Today's open access paper is an example of this last sort of work, focused on being able to build thymic organoids from induced pluripotent stem cells. This leads to the possibility of universal thymic tissues, built from cell lines engineered to prevent graft rejection, that could be transplanted into any patient. Or the more costly option of patient-matched thymic tissue, grown from their own cells. Clearly there is much more work to be done in order to build an artificial thymus that matches the natural thymus in structure and function, but the progress to date is promising.
Generation of functional thymic organoids from human pluripotent stem cells
The thymus is required for the development of a functional adaptive immune system, facilitating the generation of self-tolerant T cells that can respond to foreign antigens. Thymic epithelial cells (TECs) are divided into cortical and medullary (c/m) TECs, based on their location and function. Age-related involution of the thymus results in decreased thymic function and naive T cell output and increased autoimmunity and disease risk.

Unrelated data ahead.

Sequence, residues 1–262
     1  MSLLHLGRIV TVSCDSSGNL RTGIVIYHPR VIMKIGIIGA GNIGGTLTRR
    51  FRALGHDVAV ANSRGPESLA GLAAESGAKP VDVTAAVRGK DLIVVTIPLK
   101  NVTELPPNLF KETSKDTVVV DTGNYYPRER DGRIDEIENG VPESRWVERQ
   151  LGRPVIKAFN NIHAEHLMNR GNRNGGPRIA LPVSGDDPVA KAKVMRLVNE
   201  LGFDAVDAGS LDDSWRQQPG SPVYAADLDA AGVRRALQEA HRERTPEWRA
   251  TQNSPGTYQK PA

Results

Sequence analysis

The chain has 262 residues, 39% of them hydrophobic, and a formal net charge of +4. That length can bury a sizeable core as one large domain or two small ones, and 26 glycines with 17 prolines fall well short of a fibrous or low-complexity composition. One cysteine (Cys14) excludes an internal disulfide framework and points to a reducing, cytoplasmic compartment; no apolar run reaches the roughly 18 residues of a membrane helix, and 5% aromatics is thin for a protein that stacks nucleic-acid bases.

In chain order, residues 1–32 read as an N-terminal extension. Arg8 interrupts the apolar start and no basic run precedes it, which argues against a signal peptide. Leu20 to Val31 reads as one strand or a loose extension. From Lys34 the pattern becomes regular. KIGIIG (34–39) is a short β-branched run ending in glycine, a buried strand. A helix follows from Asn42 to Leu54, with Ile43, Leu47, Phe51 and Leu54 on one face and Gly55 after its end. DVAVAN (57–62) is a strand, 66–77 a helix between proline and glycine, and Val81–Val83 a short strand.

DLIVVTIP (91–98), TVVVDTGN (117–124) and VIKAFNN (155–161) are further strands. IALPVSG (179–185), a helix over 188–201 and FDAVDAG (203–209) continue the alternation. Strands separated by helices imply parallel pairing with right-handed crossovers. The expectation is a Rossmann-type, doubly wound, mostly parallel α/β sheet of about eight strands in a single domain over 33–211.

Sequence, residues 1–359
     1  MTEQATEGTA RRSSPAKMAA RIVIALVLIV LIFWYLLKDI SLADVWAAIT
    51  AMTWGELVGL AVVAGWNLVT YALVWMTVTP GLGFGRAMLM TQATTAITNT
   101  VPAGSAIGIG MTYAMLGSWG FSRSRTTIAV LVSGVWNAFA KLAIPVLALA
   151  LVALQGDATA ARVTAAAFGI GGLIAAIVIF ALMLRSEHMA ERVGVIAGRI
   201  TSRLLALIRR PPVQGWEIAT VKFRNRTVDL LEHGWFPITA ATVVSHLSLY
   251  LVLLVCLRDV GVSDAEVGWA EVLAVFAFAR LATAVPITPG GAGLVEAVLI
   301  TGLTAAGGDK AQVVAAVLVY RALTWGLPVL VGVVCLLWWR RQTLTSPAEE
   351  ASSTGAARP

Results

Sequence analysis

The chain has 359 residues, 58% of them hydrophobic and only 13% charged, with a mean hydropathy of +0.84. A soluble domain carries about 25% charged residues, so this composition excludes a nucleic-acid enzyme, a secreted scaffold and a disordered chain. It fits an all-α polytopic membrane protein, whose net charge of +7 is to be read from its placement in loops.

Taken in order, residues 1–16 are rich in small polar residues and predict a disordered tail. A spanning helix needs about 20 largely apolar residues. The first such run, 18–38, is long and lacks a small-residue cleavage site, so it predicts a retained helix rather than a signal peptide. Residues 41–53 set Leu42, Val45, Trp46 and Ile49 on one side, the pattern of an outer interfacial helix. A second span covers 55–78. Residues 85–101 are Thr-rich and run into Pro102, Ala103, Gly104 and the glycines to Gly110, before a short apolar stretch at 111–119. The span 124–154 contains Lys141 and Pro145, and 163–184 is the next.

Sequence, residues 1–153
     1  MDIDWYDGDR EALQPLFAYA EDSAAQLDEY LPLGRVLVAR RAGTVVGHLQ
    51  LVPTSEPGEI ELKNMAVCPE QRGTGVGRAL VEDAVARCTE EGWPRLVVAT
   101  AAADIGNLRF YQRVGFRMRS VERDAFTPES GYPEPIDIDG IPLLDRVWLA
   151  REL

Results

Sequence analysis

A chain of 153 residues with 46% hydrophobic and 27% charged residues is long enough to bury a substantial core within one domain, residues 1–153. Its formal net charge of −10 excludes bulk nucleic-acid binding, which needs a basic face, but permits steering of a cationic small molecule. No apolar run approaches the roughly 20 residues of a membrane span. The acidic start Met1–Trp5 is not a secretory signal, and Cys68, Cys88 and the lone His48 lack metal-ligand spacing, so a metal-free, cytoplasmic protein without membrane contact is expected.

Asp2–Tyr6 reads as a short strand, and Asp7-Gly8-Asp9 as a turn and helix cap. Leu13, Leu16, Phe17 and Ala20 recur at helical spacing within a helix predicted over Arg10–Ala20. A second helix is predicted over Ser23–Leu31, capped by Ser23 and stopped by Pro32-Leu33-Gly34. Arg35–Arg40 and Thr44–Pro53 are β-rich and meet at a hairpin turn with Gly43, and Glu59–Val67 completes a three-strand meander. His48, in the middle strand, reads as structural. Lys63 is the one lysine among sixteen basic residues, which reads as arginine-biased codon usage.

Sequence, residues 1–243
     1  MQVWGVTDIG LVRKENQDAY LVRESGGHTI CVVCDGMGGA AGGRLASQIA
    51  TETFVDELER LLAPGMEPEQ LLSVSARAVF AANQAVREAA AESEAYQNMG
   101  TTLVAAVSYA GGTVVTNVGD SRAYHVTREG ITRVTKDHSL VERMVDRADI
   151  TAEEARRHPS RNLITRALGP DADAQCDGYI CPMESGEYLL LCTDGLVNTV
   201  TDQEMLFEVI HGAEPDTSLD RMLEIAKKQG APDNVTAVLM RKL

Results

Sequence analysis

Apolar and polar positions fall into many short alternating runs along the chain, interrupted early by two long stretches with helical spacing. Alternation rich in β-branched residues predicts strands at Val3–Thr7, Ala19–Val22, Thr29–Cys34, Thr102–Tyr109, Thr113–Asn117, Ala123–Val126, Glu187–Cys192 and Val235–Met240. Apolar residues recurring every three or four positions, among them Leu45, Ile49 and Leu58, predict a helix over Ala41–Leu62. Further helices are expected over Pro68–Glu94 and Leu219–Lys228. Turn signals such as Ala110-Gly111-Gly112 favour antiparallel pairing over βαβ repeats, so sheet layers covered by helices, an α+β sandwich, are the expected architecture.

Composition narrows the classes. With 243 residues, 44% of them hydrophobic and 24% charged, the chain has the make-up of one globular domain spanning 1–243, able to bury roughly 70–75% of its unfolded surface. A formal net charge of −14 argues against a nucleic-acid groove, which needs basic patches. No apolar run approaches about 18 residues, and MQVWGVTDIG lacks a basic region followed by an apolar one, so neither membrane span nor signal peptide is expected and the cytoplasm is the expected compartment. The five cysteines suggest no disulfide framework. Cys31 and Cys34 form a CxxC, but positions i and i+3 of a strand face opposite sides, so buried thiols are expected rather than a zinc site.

Thymic organoids cultured at the air-liquid interface allow for the interrogation of thymic function and T cell development. Functional human reaggregated thymic organoid cultures (RTOCs) made with expanded 1° TECs and thymic mesenchyme (TM) combined with allogenic cord blood-derived hematopoietic stem cells (HSCs) support T cell development in vitro and in vivo. However, RTOCs depend on 1° tissue access, are allogeneic, and do not support negative selection.
Recently, we reported the directed differentiation of induced PSCs (iPSC) to functional thymic epithelial progenitors (TEPs) that support murine T cell development after transplantation in nude mice. While differentiation of TEPs from human iPSCs has been demonstrated by multiple groups, in vitro generation of functional TECs has yet to be achieved. We sought to develop a thymic organoid model with isogenic hPSC-derived cell compartments that supports patient-specific TEC and T cell development in vitro.
We combined hPSC-derived TEPs, hematopoietic progenitor cells (HPCs), and mesenchymal cells to generate functional isogenic stem cell-derived thymic organoids (sTOs). sTOs support TEC development as demonstrated by HLA-DR, CD205, KRT5, and autoimmune regulator (AIRE) expression after 2-4 weeks in vitro, even in the absence of HPCs. AIRE, HLA-DR, and tissue-restricted antigen (TRA) expression suggests the potential for negative selection in this system. Importantly, sTOs support T cell development, including some regulatory T cells (Tregs). For the first time, to our knowledge, we demonstrate the generation of functional hPSC-derived TECs in vitro.
Modeling a Cellular Cascade of Alzheimer's Disease